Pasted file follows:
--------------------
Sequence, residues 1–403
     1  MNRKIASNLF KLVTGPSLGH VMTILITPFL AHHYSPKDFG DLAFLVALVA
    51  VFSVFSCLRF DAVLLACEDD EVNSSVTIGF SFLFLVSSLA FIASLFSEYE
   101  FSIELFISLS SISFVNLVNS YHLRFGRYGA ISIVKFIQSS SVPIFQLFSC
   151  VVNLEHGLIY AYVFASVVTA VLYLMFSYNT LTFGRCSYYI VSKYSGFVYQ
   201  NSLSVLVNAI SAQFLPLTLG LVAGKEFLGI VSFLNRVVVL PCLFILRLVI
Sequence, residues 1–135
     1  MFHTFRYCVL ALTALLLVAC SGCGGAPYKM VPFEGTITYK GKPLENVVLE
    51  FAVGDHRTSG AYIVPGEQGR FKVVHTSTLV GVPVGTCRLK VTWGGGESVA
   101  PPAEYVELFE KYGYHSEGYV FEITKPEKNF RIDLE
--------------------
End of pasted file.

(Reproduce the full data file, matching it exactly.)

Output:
Sequence, residues 1–403
     1  MNRKIASNLF KLVTGPSLGH VMTILITPFL AHHYSPKDFG DLAFLVALVA
    51  VFSVFSCLRF DAVLLACEDD EVNSSVTIGF SFLFLVSSLA FIASLFSEYE
   101  FSIELFISLS SISFVNLVNS YHLRFGRYGA ISIVKFIQSS SVPIFQLFSC
   151  VVNLEHGLIY AYVFASVVTA VLYLMFSYNT LTFGRCSYYI VSKYSGFVYQ
   201  NSLSVLVNAI SAQFLPLTLG LVAGKEFLGI VSFLNRVVVL PCLFILRLVI
Sequence, residues 1–135
     1  MFHTFRYCVL ALTALLLVAC SGCGGAPYKM VPFEGTITYK GKPLENVVLE
    51  FAVGDHRTSG AYIVPGEQGR FKVVHTSTLV GVPVGTCRLK VTWGGGESVA
   101  PPAEYVELFE KYGYHSEGYV FEITKPEKNF RIDLE